Tensions between the two main Democrats running for mayor of St. Louis were on broad display today during a dispute over who should negotiate contracts with St. Louis city employees.
The dispute took up more than two-thirds of a 35-minute Board of Estimate and Apportionment meeting. It's rooted in a 2010 law - introduced by Stephen Gregali, an ally of Mayor Francis Slay - that gave a mayoral appointee a seat at the table in those contract negotiations. For this round, Slay wanted his new operations chief, Eddie Roth, to fill that role.
The law, which sunsets in 2014, requires that appointee be approved by E&A, on which Slay and aldermanic president Lewis Reed both sit. Reed is challenging Slay in the March primary election. He voted for the legislation initially (see page 6 of the journal), but says it's since proven to be a bad idea.
"Across these last three years, the only year that we've had that was somewhat competent was that fist year," Reed said. "The last two years, we have not seen fair negotiations, we have not seen the process move forward at all." He said the ordinance was simply a way for the mayor's office to play politics.
Reed also complained that there had been no movement on changes to the ordinance proposed by E&A a year ago. "I'm still waiting for those," he said.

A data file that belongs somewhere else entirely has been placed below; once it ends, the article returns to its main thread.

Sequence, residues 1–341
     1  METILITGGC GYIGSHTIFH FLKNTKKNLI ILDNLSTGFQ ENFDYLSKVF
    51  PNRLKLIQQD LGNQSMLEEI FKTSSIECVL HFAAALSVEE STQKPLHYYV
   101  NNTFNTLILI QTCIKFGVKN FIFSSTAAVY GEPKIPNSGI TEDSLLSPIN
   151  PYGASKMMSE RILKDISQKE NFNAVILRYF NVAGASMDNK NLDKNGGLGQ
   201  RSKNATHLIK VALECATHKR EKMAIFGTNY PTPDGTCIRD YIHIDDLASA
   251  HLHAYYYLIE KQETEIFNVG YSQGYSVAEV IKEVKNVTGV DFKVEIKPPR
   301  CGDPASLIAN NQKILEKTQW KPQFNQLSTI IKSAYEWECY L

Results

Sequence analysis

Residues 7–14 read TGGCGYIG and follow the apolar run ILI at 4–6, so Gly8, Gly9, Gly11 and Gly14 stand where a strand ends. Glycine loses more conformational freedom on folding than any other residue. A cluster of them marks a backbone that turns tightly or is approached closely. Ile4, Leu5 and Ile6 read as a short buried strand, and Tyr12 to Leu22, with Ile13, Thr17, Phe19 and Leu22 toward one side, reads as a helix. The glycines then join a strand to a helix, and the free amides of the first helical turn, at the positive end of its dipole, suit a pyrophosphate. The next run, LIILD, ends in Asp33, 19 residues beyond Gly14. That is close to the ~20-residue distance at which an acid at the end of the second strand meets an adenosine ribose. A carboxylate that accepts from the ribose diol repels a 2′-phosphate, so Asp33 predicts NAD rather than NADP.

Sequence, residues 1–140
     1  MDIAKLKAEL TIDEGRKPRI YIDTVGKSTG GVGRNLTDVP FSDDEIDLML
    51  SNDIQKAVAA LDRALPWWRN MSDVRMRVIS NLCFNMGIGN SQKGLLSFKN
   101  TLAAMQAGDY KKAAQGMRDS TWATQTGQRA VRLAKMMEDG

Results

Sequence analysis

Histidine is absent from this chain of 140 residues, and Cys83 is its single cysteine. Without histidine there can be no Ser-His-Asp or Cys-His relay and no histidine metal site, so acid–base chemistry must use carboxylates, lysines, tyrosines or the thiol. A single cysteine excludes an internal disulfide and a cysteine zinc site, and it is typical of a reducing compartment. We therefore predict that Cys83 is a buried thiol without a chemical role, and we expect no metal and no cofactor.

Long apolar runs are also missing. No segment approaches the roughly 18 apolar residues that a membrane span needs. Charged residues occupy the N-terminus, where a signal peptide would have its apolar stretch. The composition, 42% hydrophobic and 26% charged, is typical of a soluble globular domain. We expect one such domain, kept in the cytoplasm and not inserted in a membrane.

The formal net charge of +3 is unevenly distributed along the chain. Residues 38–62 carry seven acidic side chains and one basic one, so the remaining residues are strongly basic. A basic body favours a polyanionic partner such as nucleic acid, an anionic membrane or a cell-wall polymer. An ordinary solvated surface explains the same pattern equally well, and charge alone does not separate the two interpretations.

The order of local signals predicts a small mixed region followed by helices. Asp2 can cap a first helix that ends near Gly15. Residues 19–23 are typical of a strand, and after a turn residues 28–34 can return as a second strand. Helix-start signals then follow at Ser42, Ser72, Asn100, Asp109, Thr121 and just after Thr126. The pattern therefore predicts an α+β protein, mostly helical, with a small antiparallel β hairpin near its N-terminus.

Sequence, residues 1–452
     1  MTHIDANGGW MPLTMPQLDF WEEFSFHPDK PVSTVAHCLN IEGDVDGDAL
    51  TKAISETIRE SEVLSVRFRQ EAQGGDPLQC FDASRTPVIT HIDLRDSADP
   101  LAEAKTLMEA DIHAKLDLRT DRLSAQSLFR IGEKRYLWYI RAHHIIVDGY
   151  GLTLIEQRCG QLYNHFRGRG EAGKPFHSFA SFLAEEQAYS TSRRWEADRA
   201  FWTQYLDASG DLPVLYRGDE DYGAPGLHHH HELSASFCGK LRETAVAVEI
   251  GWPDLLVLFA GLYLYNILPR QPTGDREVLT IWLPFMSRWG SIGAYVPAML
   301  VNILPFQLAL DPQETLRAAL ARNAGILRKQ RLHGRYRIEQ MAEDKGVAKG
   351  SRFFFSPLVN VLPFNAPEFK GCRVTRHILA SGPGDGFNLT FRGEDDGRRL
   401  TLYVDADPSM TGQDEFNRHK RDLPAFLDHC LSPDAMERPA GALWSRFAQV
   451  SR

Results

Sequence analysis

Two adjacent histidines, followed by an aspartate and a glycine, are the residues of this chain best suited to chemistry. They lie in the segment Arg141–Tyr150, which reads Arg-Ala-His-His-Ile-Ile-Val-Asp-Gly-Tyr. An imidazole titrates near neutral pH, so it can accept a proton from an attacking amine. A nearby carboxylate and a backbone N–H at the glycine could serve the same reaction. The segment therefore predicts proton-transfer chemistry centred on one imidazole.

Slay was incredulous that Reed put that blame on his shoulders.
"I served at the Board of Aldermen for 16 years, and I never heard of a time when a mayor could stop an alderman from introducing a bill," he said. "I can't amend ordinances. I can't change them." Reed called that "the craziest thing he's ever heard," pointing to how heavily involved the mayor was involved with controversial changes to firefighter pensions. (Technically, the mayor is correct. He cannot on his own authority introduce or change an ordinance, but he can certainly find friendly aldermen to carry his water).
Eventually, Slay and comptroller Darlene Green agreed to appoint budget director Paul Payne as the negotiator. Reed was also opposed to that, saying there was no way one person could both manage the budget and negotiate. It was a position that Payne took as well.
"I serve at the will of the board of E&A, but it would be difficult," Payne said.
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